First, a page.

Peace March Veers Way Left

Black-led protest challenges capitalism, imperialism, and New York's very rich mayor

Saturday's demonstrations in New York to mark the second anniversary of the U.S. invasion of Iraq were a good deal smaller than last year's 100,000-strong march through Midtown, let alone the impassioned outpouring of dissent on February 15, 2003, just before the bombing began.

But activists say the many thousands who marched from Harlem to Central Park, and the 36 who got arrested during civil disobedience actions outside military recruiting stations in Times Square and downtown Brooklyn, signaled a "revival" of the anti-war movement, and proof of its deepening resolve.

"We have made history," declared Nellie Bailey of the Harlem Tenants Council, shouting through a bullhorn from a flatbed truck outside the 125th Street Recruiting Station, to a crowd that stretched for many blocks. "We are standing tall together-as black, Latino, white, working class, Asians-to say we will no longer be taken for granted."

Bloomberg out now! Protesters mass outside Mayor Michael Bloomberg's townhouse to denounce the war and New York City budget cuts.
photo: Kazu Ohsugi
Bloomberg out now! Protesters mass outside Mayor Michael Bloomberg's townhouse to denounce the war and New York City budget cuts.

Charging that the war was being financed on the backs of the working poor, Bailey assailed the Democratic Party for not standing against it. "We want the Democratic Party to have complete opposition to the war. No more of this weaving and waffling!"

Members of the War Resisters League, which organized the civil disobedience actions, and the Troops Out Now coalition, which mobilized the march from Harlem, said both protests were efforts to re-energize a peace movement derailed by the campaign to defeat President Bush, and then demoralized by his re-election.

"What we are doing today is not popular," Congressman Charles Rangel told the several thousand sprawled over Central Park's East Meadow, acknowledging how torn the American public remains over the war. "But it is the right thing to do."

"It's one thing to go to war. It's another to mislead the American people," Rangel added. "If those people who took us to war had to send their children to fight, we never would have gone. The Wolfowitzes, the Cheneys, the Rumsfelds-all these people knew they were going to war before Bush got elected. They have used 9-11 as an excuse!"

The march from Harlem drew anywhere from 4,500 people, according to an unofficial police estimate, to nearly 10,000, according to legal observers.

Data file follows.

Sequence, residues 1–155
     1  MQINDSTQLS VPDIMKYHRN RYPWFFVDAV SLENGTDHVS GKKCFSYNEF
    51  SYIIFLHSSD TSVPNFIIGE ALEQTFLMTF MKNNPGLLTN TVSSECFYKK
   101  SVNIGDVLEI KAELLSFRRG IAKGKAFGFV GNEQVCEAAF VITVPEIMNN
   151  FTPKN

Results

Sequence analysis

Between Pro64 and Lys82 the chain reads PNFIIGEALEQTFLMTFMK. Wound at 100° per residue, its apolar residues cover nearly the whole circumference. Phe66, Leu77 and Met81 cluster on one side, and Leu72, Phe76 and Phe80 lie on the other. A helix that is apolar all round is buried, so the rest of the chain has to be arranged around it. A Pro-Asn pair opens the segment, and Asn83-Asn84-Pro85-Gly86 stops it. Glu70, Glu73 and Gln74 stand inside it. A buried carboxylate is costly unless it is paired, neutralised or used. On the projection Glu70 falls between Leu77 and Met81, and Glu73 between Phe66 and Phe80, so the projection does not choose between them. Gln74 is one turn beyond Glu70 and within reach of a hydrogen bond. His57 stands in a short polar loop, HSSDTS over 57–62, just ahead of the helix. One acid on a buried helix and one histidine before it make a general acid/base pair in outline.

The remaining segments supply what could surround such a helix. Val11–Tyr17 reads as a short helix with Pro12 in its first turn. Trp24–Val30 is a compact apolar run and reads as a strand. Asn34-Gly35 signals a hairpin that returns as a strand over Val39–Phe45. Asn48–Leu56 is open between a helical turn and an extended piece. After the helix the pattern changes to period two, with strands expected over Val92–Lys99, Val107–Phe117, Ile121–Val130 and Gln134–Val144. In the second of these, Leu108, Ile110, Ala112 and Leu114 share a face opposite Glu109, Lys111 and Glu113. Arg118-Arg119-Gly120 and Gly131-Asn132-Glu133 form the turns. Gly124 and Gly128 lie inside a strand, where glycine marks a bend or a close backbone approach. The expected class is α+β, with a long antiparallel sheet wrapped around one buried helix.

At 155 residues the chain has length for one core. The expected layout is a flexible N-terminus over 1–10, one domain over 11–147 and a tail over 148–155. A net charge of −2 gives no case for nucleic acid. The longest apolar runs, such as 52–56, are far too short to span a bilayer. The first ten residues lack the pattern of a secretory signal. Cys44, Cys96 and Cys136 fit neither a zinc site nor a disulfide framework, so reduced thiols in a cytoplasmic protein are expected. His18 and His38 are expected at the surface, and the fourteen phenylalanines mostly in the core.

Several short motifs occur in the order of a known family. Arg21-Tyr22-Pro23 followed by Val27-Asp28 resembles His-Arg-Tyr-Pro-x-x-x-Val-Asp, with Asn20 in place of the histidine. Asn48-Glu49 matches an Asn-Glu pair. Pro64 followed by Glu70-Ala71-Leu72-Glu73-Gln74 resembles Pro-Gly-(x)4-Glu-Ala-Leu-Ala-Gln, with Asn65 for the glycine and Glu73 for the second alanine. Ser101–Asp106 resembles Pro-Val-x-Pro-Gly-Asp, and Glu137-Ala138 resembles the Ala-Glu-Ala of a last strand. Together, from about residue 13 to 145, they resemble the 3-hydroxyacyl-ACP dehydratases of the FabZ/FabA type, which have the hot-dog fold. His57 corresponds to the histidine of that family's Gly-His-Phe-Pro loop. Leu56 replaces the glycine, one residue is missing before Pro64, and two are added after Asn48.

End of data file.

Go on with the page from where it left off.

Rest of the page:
Troops Out Now! City Councilmember Charles Barron leading the march from Harlem to Central Park.
photo: Kazu Ohsugi
But its significance, organizers said, lay less in its size and more in the fact that this was the first black-led antiwar march to emerge from Harlem, a neighborhood they say symbolizes the disproportionate impact the war has had on communities of color.

Although African Americans were overwhelmingly opposed to the war—as some 72 percent of those polled in September—that dissent hasn't always translated into foot power on the street. Many activists of color say they often feel alienated from what they see as a largely white peace movement.

Saturday was an effort to change that dynamic. "We made it clear today that this is a movement with significant black and people-of-color leadership, and our issues will not be ignored or relegated to the back burner by the established antiwar movement," said Bailey, who helped initiate the Troops Out Now Coalition. "We are at the table whether they like it or not."

Admittedly, the march might have been larger had United for Peace and Justice, the nation's largest antiwar coalition, actively promoted it. Some activists termed UFPJ's lack of involvement "unconscionable."

UFPJ organizers said they steered clear because they objected to some of the more strident rhetoric that appeared in the Troops Out Now literature, including a call to support the "absolute and unconditional right of Iraqi people to resist the occupation," regardless of the insurgents' methods or fundamentalist ideologies. UFPJ was also put off by the central role played by the International Action Center, the same group of hard-left anti-imperialists that helped spawn the International ANSWER coalition, and who have sparred with UFPJ over past demonstrations.

On the street, such factionalism didn't seem to matter, as contingents from a bewildering array of left-wing and Marxist splinter groups jostled alongside Raging Grannies, radical cheerleaders, and just plain-old pissed-off Americans, like Ellen Graves, a 65-year-old massage therapist from Springfield, Massachusetts, who sported a button that read: "4 Moron Years."

"I just think it's very important to come together so that people around the world realize there's a lot of us here still opposed to the war," Graves said.

By beginning the march in Harlem, organizers also hoped to paint in real terms the terrible burden this war has placed on the poor and working class.

The message was made clear along the march route, as the crowd trekked past shuttered storefronts, cheap mattress parlors, and 99 Cents stores along 125th Street, to the Armed Forces Recruiting Station, which, though closed, was well guarded by numerous police brass and several officers from the Technical Assistance Response Unit videotaping all who passed by.

Noting that Army recruitment is down 41 percent among African Americans, City Councilman Charles Barron told the crowd: "We are saying to the nation and to Bush that will not be cannon fodder for your illegal, immoral war for oil! We know the money they are sending to Iraq could balance every budget deficit in America."

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